Multiply / Recruited to Recruiter

Why on earth would you wear that to a career fair?

 

I’m a recent graduate turned engineer turned writer (a story for another time) at Multiply. Recently, I stepped up to also play a part as company recruiter at a career fair. Having attended my last career fairs as a pleading student just 5-6 months prior, experiencing it as the antagonist was truly an eye-opener (tip: don’t consider your recruiter the enemy). Because really, it’s one thing to hear a horde of corporate reps talk about what they like to see from students, it’s another thing to experience it for yourself.

The responses used in this post are real-world replies I’ve received, somewhat changed in terms of wording but not meaning.

 

“Hi! I’m Ashwin and we’re from Multiply.”

“Hey, I’m Wally.” 😐

Okay….?

“Hi! I’m Chloe. I’m an electrical engineering student looking for a summer internship.” 😀 😀

Great smile, it’s infectious. Oh my.

 

Oh boy, when you’re a recruiter who has been standing there speaking to students for hours on end, it really is refreshing to have someone walk up to you with a million dollar smile. Sweet, something I was doing right as a student. It’s possible this only works on good-natured, cheerful recruiters like me. Man, I’m giving away free tips.

 

“Tell me about yourself. What do you do in Purdue?”

“I major in So-and-so Engineering and.. Ummm… Minor in This-and-that, and I also… Ummm.. What was I going to say? Sorry..”

Come on kid, you can do this, don’t be nervous. I’m rooting for you.

 

Maybe it’s just me, but I really do want to see you succeed. Don’t be nervous. Breathe. Keep going. I want to see who you are behind that nervous mask. I understand now that unless the recruiter is looking exclusively for the Alphas of the world, some nervousness when talking to recruiters isn’t a complete disaster.

 

“Have you heard of Multiply before?”

“I read your website just now but didn’t understand it.”

Are you friggin’ serious? You want me to hire you?

“Not really, but could you tell me more about what you guys do?”

Alright, sure.

 

When I open our website, I see a big spread of our primary product name, “Retire/Evolve”, and the subheading, “IT Asset Disposition”. The 2nd search result for that particular term brings up this website. Look, I’ll forgive you if you’ve never heard of us (we’re young and new), but doing research and doing a half-assed job at it leads me to believe that’s how you work. A student who has done awesome research before walking up to me really does set him/herself apart.

 

“What are you passionate about? What drives you?”

“I like to look at a problem and solve it.”

Oh come on… Such a generic answer.

“I like to look at a graphical interface, and figure out how people interact with it. I want to make it more easy and intuitive for them. I really think how people interact with technology is important.”

ARE YOU STEVE JOBS REINCARNATE? THIS IS SO MUCH BETTER.

 

When I was a student, I tried to tailor my message to suit each company, in the hopes that would make me a more attractive student. I know now that I was WRONG! What a failure. Unless you’re a 100% Grade A Bullshitter, I’m going to see right through you. Just speak from the heart; if what you’re truly passionate about doesn’t match my company’s culture, then fine. You probably wouldn’t have enjoyed working here anyway. Do you really want to spend your life somewhere you can’t express your passions? Give an honest answer, and I’ll likely remember you at the end of the day when I look through my stack of resumes.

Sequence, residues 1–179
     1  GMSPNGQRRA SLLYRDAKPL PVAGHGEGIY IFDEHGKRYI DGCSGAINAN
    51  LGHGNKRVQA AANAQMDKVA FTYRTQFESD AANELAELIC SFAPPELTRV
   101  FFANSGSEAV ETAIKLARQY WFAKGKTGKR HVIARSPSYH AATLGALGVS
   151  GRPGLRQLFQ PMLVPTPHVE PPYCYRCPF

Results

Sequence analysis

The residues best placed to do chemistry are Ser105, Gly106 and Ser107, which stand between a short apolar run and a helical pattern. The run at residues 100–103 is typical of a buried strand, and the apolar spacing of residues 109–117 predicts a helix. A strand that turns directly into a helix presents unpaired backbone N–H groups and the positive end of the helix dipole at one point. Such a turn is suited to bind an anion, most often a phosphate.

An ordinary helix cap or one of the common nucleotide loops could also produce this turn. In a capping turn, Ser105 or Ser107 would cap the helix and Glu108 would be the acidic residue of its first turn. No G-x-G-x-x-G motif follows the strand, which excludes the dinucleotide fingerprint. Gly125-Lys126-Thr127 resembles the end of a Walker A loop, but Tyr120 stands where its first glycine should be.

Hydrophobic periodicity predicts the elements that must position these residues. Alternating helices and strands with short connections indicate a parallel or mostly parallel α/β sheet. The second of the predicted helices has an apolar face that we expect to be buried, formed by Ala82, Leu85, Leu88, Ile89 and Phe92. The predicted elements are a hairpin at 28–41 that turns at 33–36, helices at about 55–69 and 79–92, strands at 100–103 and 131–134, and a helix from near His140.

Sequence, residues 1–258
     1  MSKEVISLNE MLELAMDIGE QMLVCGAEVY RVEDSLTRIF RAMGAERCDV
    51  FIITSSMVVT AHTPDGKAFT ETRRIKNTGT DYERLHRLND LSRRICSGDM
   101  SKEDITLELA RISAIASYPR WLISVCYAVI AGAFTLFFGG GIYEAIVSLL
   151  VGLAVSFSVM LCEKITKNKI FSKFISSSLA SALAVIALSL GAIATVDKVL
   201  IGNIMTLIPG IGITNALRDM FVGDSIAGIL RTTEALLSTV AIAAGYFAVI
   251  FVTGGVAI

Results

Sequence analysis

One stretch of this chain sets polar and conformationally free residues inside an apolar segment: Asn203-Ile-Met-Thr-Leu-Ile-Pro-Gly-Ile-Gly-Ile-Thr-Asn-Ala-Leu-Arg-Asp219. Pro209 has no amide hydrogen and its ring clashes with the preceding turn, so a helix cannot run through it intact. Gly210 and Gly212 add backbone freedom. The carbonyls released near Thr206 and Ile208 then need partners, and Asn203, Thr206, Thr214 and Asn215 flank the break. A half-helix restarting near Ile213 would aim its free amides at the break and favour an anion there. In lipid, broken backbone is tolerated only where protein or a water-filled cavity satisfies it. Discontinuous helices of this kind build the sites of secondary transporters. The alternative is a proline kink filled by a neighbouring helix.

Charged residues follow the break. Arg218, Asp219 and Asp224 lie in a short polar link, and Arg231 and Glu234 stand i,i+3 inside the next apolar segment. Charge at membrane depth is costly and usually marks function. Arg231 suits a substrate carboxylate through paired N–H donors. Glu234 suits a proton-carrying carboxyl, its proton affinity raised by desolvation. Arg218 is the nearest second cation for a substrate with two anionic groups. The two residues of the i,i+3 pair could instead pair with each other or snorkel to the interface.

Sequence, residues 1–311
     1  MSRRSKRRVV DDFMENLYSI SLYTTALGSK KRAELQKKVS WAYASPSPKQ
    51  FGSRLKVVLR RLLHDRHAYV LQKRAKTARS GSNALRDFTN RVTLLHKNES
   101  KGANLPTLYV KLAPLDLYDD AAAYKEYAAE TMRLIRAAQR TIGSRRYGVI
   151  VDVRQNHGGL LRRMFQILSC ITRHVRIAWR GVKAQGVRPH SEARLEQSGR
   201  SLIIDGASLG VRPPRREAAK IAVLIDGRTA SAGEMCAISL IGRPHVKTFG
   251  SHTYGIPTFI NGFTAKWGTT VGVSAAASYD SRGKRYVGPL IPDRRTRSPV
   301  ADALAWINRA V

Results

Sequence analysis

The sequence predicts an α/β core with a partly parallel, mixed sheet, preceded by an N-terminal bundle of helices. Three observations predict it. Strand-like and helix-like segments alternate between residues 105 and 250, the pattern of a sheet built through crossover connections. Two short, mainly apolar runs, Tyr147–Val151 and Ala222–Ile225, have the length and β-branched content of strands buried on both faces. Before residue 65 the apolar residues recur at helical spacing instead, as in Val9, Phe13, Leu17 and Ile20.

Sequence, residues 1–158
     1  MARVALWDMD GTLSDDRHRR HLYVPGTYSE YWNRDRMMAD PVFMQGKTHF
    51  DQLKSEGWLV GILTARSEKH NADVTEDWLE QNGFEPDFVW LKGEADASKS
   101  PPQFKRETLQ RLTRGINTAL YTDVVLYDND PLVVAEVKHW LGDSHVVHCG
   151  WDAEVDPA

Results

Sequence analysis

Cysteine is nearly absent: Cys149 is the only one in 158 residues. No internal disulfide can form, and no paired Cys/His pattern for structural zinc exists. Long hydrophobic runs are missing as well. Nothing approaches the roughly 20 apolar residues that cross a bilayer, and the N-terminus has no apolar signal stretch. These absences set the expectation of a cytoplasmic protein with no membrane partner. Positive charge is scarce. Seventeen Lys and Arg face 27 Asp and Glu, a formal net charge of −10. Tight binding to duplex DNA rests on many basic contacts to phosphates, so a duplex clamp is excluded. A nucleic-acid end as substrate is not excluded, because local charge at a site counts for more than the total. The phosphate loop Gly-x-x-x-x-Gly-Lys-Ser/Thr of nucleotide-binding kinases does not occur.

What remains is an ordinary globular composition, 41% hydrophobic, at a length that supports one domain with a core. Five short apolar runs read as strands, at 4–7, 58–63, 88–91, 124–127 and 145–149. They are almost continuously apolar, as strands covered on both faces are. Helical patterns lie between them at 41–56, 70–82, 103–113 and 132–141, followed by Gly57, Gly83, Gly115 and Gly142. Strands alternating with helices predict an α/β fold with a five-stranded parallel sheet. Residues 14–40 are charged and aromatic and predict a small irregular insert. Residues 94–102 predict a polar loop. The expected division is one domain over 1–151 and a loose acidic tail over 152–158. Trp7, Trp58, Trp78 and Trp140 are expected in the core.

“Do you have any questions?”

“Should I leave my resume with you?”

That’s the first thing you ask…? Isn’t leaving your resume the standard thing to do anyway?

“Do you have any advice on how I can build on these areas I’m weak in?”

 

Cha-ching! What an awesome question!

 

As a student, I thought that the ‘questions’ portion of the conversation was like desserts: Great to have, but not quite necessary (of course, some people consider desserts absolutely essential for every meal). Boy, wrong again! It’s most definitely an important component of the conversation, and it’s still a big window into your personality: What you consider important questions show where your priorities lie. That second question up above? It showed that the student was both genuinely interested in making himself a better candidate, and genuinely cared about improving his own skills. It was a superb question, and I was sure to let him know that.

 

And seriously, dress up. It’s a letdown and a disappointment to see students attending a career fair dressed in T-shirts, sweatpants, and/or sports shoes. If you can’t afford to dress up, try to borrow. Check out your careers office. Purdue’s CCO, for example, has the Career Closet – a service to let students borrow professional attire.

Of course, it’s worth mentioning that I didn’t find my current job (which I love and enjoy) at a career fair. So if you hate career fairs, fret not. Keep pushing yourself, keep exploring opportunities (even if at first they don’t seem related to what you want), and the right one will present itself. 😉

 

Multiply Blog: Recruited to Recruiter.